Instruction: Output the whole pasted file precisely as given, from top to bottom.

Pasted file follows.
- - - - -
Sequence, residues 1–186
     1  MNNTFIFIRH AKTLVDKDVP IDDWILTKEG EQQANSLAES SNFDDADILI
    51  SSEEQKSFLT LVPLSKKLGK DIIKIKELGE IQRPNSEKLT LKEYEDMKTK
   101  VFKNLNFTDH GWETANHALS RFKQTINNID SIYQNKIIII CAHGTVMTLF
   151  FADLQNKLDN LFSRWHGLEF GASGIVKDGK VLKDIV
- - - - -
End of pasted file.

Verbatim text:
Sequence, residues 1–186
     1  MNNTFIFIRH AKTLVDKDVP IDDWILTKEG EQQANSLAES SNFDDADILI
    51  SSEEQKSFLT LVPLSKKLGK DIIKIKELGE IQRPNSEKLT LKEYEDMKTK
   101  VFKNLNFTDH GWETANHALS RFKQTINNID SIYQNKIIII CAHGTVMTLF
   151  FADLQNKLDN LFSRWHGLEF GASGIVKDGK VLKDIV